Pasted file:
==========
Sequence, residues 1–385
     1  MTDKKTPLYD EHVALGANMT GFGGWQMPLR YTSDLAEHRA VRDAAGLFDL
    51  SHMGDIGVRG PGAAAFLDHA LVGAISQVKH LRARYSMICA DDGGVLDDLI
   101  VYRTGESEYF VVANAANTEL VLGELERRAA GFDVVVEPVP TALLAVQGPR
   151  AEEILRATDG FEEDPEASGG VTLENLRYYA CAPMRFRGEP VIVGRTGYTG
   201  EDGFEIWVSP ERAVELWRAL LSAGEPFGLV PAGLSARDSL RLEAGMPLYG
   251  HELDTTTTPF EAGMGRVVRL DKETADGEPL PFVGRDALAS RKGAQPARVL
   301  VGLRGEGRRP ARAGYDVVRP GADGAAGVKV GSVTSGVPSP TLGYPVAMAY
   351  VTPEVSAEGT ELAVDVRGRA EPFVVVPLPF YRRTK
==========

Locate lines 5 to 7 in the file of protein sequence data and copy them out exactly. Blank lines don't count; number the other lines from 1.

   151  AEEILRATDG FEEDPEASGG VTLENLRYYA CAPMRFRGEP VIVGRTGYTG
   201  EDGFEIWVSP ERAVELWRAL LSAGEPFGLV PAGLSARDSL RLEAGMPLYG
   251  HELDTTTTPF EAGMGRVVRL DKETADGEPL PFVGRDALAS RKGAQPARVL